Tymofii Dmytrenko, 39, went on the family vacation with his wife and two children but has now been put on standby to fight Russian forces following the invasion eight days ago.
The IT specialist, known as Tim, said he had originally left the UK for Kyiv on February 18, intending to hit the slopes and visit his parents during a ten-day visit.
But after the family heard President Biden warning about the threat of invasion, they cut their holiday short and attempted to flee for the border.
After an epic journey, Tim helped his wife Iryna, 36, and their two kids, 11 and 15, get into neighbouring Slovakia, and they are are now safely back in the UK.
But the father has been forced to sign up for the military and remains poised to join the war as all men aged 18 to 60 are now required to stay and fight.
Tim, who has never held a gun in his life, says at this moment he fears he will become a “meat bag” if he is put into an active combat situation.
He said: “I think I am ready to serve my country, but I have mixed feelings. I have never held a gun or shot from it, and I don’t have any real military experience.
“I feel like without any proper training I’m kind of a meat bag at this moment in time, and this is worrying. I don’t know how these things will progress.
Tim, who has lived in Horsforth, Leeds, since 2015 said he had set off for the ten-day family trip on February 18.
He said: “We have parents living in Ukraine, and basically we usually combine leisure trips with seeing family and friends. We came to Kyiv on February 18 and spent two days there, and then we went to a ski resort and spent a few days there.
“But everything was changing very quickly, and we decided it was probably better to fly back from Lviv, and we bought new tickets to fly on February 25.
However, Tim and his family’s plans unravelled a day before they were set to come back to Britain after Russia invaded Ukraine on February 24.
He, like millions of refugees, then became stuck in the western part of the country but they did managed to get take a taxi to Uzhhorod, near the border with Slovakia.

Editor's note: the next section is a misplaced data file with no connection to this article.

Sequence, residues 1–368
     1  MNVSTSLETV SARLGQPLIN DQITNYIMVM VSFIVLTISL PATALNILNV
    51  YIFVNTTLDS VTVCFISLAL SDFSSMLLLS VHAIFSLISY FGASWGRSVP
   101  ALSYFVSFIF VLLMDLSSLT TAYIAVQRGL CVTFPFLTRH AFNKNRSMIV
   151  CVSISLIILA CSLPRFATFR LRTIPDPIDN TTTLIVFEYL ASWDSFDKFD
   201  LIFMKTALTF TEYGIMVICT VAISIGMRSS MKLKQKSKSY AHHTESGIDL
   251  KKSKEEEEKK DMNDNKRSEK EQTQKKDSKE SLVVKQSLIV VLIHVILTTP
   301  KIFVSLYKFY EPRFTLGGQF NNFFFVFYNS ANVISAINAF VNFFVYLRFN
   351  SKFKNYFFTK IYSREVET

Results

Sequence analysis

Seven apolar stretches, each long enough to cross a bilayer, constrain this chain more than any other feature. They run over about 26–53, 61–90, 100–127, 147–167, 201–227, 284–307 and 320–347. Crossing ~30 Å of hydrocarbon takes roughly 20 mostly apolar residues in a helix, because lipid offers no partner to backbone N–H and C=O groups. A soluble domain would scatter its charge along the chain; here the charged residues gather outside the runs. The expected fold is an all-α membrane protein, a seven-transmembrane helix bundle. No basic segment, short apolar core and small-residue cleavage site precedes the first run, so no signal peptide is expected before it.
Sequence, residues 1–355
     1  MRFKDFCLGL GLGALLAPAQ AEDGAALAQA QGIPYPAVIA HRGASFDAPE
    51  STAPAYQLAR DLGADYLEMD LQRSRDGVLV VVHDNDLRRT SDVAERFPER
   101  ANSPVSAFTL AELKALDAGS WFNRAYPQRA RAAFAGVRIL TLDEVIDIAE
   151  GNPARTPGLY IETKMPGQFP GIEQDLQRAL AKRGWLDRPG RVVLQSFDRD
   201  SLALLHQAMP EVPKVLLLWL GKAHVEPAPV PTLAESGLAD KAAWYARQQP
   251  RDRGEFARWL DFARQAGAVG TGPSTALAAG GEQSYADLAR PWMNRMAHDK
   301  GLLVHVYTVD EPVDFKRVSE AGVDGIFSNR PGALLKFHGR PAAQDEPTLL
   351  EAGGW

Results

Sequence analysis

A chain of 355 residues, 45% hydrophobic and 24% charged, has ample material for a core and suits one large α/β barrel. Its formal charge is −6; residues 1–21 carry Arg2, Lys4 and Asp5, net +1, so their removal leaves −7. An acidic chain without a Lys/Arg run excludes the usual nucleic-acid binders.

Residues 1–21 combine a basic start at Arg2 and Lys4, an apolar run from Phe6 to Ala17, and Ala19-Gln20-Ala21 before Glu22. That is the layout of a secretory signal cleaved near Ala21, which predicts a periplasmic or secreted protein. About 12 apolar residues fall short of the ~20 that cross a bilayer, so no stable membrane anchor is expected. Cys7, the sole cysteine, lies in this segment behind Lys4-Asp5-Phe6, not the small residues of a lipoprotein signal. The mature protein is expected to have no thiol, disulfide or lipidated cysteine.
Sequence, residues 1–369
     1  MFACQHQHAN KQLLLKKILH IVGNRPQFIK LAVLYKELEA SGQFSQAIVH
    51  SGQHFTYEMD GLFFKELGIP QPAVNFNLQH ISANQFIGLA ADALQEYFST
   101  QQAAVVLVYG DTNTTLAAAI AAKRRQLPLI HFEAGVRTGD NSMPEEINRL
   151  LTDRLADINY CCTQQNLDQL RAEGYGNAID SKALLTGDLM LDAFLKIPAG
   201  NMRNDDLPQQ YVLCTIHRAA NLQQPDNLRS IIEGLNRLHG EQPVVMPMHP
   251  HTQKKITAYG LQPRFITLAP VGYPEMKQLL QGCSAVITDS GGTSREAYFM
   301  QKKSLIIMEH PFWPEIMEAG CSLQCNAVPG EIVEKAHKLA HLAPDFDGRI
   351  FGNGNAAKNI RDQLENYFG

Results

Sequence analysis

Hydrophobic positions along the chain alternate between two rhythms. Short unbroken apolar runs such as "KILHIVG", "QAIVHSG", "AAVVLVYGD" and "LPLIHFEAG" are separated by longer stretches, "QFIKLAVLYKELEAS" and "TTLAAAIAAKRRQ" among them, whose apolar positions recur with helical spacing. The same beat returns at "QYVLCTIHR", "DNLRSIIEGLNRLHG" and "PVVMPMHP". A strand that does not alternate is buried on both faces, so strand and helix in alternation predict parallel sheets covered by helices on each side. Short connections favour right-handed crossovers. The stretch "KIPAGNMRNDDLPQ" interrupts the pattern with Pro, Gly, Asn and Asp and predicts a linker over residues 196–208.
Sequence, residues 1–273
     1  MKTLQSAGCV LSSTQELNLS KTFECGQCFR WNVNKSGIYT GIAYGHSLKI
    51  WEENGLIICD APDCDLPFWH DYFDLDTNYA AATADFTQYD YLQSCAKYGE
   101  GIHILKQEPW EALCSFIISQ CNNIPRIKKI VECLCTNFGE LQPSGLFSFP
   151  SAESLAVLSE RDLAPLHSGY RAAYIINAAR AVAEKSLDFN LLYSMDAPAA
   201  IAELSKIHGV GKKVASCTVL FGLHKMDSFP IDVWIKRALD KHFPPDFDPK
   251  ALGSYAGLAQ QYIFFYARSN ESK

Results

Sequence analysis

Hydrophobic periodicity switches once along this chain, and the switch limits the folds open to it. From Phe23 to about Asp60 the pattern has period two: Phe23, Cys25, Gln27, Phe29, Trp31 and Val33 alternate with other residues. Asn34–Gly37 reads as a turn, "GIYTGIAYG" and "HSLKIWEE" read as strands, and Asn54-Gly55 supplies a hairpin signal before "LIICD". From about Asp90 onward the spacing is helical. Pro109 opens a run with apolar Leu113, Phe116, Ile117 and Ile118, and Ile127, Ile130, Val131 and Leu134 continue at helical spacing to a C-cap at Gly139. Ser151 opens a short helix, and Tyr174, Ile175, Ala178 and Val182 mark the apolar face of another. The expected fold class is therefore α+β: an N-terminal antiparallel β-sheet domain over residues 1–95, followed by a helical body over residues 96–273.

He said: “We spent roughly four hours queuing for fuel because when the taxi came to us, its tank was nearly empty. The queues were absolutely massive.
“When we came to Uzhhorod, we then waited for a bus for two hours with our kids. The estimated arrival time was 11.30 pm, but it didn’t come.”
Tim later contacted a friend living in a nearby city, and at 1am on February 25, he collected them and allowed them to sleep in his apartment for the night.
The following morning, he managed to book tickets for his wife and two children to get a bus to a small town over the border with Slovakia.
But due to martial law that the Ukrainian government had passed a day after Russia invaded – requiring all men between 18 and 60 to join the army - Tim was unable to go with them.
He said: “I put my wife and kids on that bus at 4pm, and it was a heart-breaking moment for me and my family.
“Everyone was crying, my kids were crying, my wife was crying. I wasn’t able to stop crying for a few hours after that. But luckily, they got through the border."
After saying his goodbyes, Tim went to the military registration office, where he was put on standby to join the war against advancing Russian troops.
But even if he does go into an active military role, he fears that men like him won’t prevent Russia’s march across the continent for long.
He said: “In my opinion, this is World War Three. If we lose, hypothetically, then Europe will get a mad man next to its borders who has a nuclear weapon.
“He will carry on and will be threatening Latvia, Lithuania – countries like that until it’s World War Three anyway, so it’s just a delay to me."